2 min read

Bezos divorce settlement will smash the record books

Amazon founder's wife could get up to $69bn, making her richest woman in the world

By Rozina Sabur
3 min read

Tipping the scales: A fat waist shrinks the brain

This may put people with a high waist-to-hip ratio at a higher risk of developing dementia

By Sarah Knapton
1 min read

SNAPSHOT

6 things you need to know about the world

Case full of cash stolen from Mugabe, court hears

A suitcase containing $150,000 in cash was stolen from ousted Zimbabwean president Robert Mugabe, a court in Harare has heard, with the suspected thieves spending the money on cars, houses and farm animals. The three accused -- which include Constancia Mugabe, 50, a relative -- appeared before the Chinhoyi Magistrate’s Court on Wednesday, state media reported. Constancia had keys to Mugabe's rural house in Zvimba, outside Harare, allowing the others, who were employed as cleaners, to gain full access to the property some time after December 1 2018. "Johanne Mapurisa bought a Toyota Camry … and a house for $20,000 after the incident," prosecutor Teveraishe Zinyemba told the court. "Saymore Nhetekwa also bought a Honda … and livestock which included pigs and cattle." The three accused were bailed and are due back in court on January 24. One suspect is still at large. – AFP

Has China just snared Elon Musk?

Tesla boss Elon Musk has been offered a "green card", China said on Thursday, a privilege enjoyed by an elite group of foreigners, including several Nobel laureates and a former NBA star. Musk was in China for the ground breaking of Tesla's first overseas factory, which will allow it to sell vehicles directly in the world's largest market for electric vehicles. The entrepreneur met Premier Li Keqiang on Wednesday in Beijing, where they discussed Tesla's China ambitions, said the State Council, the country's cabinet. "I hope to build Tesla's Shanghai factory into a global example," Musk told Li, according to a readout. "I really love China, I'm willing to visit here more often. "Li replied: "If this is what you truly have in mind, we can give you a 'Chinese green card'”. – AFP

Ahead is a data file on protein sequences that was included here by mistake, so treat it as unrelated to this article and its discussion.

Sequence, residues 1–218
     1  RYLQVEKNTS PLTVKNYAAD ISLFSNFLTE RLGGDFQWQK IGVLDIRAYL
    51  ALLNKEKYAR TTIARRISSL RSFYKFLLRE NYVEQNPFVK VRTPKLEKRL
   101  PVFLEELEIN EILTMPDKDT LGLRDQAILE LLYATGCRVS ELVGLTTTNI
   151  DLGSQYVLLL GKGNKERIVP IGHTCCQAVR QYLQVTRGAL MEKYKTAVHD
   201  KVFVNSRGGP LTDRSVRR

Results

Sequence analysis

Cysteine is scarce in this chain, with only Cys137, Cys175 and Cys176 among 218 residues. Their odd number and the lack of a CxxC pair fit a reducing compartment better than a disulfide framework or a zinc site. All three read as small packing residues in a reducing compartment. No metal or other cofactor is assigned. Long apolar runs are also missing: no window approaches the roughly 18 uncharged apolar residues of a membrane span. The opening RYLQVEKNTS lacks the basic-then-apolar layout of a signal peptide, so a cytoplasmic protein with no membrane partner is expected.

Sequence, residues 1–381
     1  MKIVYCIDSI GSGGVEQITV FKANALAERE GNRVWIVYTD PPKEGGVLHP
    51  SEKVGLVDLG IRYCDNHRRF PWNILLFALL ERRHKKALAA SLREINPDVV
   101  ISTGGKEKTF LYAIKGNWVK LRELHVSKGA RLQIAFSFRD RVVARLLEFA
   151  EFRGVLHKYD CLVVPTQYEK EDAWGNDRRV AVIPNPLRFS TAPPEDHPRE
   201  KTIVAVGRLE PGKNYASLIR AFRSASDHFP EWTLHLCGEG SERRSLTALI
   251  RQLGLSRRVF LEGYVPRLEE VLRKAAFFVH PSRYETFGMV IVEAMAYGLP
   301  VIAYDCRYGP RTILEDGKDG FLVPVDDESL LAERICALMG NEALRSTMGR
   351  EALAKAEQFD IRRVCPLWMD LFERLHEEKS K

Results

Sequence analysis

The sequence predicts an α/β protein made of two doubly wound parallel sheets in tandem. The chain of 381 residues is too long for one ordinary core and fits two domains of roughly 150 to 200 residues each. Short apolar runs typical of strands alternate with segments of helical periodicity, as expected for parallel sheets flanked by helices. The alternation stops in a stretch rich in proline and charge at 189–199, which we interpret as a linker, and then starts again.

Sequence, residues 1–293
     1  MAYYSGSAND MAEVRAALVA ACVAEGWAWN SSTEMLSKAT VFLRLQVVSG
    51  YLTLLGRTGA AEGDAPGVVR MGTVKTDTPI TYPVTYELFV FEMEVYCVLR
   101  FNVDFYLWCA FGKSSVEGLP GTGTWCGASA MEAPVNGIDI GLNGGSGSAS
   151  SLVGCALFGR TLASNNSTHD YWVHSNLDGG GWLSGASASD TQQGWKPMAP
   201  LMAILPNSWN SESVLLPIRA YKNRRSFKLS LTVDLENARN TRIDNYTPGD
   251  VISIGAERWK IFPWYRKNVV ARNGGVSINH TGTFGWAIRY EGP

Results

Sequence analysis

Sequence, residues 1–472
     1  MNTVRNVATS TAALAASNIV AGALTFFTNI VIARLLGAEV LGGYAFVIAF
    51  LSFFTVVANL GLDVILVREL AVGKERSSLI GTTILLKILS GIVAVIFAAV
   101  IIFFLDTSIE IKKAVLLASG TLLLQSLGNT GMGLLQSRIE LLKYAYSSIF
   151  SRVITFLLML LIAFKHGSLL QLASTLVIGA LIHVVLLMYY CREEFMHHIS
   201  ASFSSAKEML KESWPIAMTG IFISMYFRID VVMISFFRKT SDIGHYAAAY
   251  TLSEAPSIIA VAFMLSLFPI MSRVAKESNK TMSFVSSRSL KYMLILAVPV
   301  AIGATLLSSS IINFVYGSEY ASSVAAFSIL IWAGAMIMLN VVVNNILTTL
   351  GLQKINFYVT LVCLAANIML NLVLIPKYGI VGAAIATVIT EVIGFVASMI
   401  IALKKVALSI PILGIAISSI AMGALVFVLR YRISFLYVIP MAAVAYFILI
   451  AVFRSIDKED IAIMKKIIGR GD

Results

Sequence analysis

Jumping jellyfish! Tintin rides again, at 90

Tintin may have just turned 90 but the boy hero is about to get himself into a whole new snakepit of scrapes. Casterman, which publishes his comic book adventures, said a new film featuring the cub reporter by Lord of the Rings director Peter Jackson is in the pipeline, with Steven Spielberg -- who made Tintin's first Hollywood outing in 2011 -- producing this time. A new Tintin book is also in the offing, the Belgian publishing house said. Speculation is mounting that the film is likely to be a mix of King Ottokar's Sceptre, a swashbuckling jape from 1938 that was a thinly disguised satire on Nazi Germany's annexation of Austria the same year, and the later story, The Calculus Affair. – AFP

Mafia bistro stands out from the mob

It is not your average Parisian dining experience, but it may add a little extra frisson to tucking into fettuccine. The daughter of a notorious mafia killer nicknamed The Beast has opened a restaurant in Paris, calling it Corleone after her home town, the infamous lair of Sicily's Cosa Nostra. Corleone shot to fame after being immortalised in The Godfather films. Now its name has been appropriated by Lucia Riina, 39, the youngest daughter of former Cosa Nostra boss of bosses Toto "The Beast" Riina, who was serving multiple life sentences when he died of cancer in prison in 2017. The bistro, located near the Arc de Triomphe, promises "authentic Sicilian-Italian food". It offers "a welcoming atmosphere" - something not often associated with Riina's father, who for years led a reign of terror in Sicily, murdering his rivals, investigators and journalists. – © The Daily Telegraph

Ballsy artist in dock for setting bank ablaze